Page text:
Captain John told Trutch that he could get the cables across the Fraser River, and Trutch awarded him a subcontract. Captain John assembled a group of his relatives and they unwound cable from each spool and carried it on their shoulders as they made their way along the precipitous cliffs and slippery rocks. Each cable was four inches wide.

There isn’t a description of the event, but to bring back the words of Simon Fraser:

“In these places we were under the necessity of trusting all our things to the Indians, even our guns…Yet they thought nothing of these difficulties, but went up and down these wild places with the same agility as sailors do on a ship.”

What’s the hold up?

The Alexandra Bridge was completed by September 1, 1863. Trutch invited prominent dignitaries for the official opening planned for the following week. In the meantime, Admiral Kingcome of the Royal Navy made a special trip by steamer to Yale just to ride up the Cariboo Road and see the new bridge. Governor Douglas was not eager to see Alexandra Bridge, however, and the official opening was delayed several weeks until finally near the end of September, Douglas made the trip to Yale with Colonel Moody. On Friday, September 25, 1863, Alexandra Bridge was officially proclaimed open by Colonel Moody—Douglas stayed behind in Yale.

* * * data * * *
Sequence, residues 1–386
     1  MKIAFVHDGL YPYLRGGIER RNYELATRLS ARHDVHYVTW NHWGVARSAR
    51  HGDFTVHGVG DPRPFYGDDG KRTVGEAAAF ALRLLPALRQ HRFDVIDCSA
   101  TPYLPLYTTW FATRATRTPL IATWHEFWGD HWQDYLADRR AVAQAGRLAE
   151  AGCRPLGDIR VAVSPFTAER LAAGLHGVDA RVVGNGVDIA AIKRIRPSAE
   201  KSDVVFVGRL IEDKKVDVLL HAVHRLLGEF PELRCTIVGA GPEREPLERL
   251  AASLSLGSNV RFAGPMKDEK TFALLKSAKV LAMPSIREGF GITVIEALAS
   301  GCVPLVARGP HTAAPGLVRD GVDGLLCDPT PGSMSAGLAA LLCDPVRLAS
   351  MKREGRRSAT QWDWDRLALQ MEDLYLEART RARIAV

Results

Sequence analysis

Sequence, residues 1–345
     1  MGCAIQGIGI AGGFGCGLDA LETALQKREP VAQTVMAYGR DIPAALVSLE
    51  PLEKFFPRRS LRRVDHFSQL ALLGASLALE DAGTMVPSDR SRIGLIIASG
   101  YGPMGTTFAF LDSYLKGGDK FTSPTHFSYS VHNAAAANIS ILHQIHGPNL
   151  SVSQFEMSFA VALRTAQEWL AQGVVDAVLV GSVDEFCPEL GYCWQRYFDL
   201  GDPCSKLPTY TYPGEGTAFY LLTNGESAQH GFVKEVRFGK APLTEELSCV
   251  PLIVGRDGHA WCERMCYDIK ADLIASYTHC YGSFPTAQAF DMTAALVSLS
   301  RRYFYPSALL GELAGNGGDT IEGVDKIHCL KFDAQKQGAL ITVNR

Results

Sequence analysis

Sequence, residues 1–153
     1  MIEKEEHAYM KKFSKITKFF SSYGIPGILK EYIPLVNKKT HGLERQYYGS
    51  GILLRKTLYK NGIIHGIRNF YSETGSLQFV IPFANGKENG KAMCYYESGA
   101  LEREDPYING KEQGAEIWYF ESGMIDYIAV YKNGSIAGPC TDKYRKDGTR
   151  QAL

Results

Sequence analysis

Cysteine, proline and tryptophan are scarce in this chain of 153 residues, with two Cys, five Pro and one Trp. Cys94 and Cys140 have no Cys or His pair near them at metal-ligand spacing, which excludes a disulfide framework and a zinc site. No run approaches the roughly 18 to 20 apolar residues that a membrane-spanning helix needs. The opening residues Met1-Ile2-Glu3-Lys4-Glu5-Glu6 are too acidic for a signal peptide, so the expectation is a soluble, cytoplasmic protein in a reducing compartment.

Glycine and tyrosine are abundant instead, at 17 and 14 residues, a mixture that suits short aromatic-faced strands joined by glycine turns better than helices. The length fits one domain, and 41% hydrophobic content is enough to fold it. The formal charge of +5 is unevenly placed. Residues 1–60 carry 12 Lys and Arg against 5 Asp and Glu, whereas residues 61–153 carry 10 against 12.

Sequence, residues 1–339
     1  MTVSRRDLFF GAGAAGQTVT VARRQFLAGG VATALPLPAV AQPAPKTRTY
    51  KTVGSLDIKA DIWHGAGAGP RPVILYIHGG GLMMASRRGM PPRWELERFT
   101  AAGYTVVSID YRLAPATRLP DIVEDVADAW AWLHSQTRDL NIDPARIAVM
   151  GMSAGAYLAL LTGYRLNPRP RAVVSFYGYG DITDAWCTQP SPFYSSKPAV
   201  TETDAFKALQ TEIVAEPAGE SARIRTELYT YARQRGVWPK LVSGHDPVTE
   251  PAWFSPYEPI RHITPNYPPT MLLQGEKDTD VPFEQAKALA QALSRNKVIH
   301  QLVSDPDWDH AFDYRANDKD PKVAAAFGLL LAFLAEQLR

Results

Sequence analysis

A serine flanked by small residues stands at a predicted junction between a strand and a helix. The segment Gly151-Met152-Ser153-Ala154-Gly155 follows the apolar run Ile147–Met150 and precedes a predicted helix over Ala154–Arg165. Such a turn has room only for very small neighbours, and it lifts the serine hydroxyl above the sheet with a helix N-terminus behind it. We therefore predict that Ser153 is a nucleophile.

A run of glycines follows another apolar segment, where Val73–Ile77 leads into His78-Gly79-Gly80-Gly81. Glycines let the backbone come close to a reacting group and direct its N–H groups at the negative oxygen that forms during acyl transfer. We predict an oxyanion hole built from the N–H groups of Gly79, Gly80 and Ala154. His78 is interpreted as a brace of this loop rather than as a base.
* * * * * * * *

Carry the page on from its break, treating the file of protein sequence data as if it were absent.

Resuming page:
Captain John rose to prominence among his people and gained the name ‘Swalis’ which meant “getting rich”. At one point he was earning more than double the annual salary of Governor James Douglas. When Trutch became  Commissioner of Lands and Works, Captain John was elected as the Chief of Soowahlie.

In later years Captain John ran a ferry across the Vedder River (Th’ewálmel) to Cultus Lake and across to Vedder Crossing. In 1891, he helped with the construction of the Vedder Bridge.

How Mifflin Gibbs made his fortune in gold rush Victoria

Mifflin Gibbs was one of the most successful black merchants in Victoria. Gibbs had a partnership with Peter Lester and their firm ‘Lester & Gibbs’ had everything a miner could want. Some say it was the first provision store in Victoria to rival that of the Hudson’s Bay Company.

Born in Philadelphia in 1823, Gibbs was eight years old when his father Reverend Gibbs died. One of three sons, Gibbs helped out with odd jobs while his mother Maria worked cleaning laundry. When they were teenagers, Mifflin and his brother Jonathan apprenticed as carpenters. Eventually, the brothers became active in the anti-slavery movement; a time which marked the beginning of their political lives.

Mifflin Gibbs

Mifflin Gibbs

In 1850, Mifflin Gibbs went to the gold rush town of San Francisco and found work as a carpenter. Two years later, he entered into partnership with Peter Lester and together they ran the ‘Clay Street Pioneer Shoe & Boot Emporium’. Their business was prosperous but it didn’t take long before anti-black sentiment to take its toll. Discrimination supported by increasingly restrictive immigration policies prompted many members of San Francisco’s black community to leave.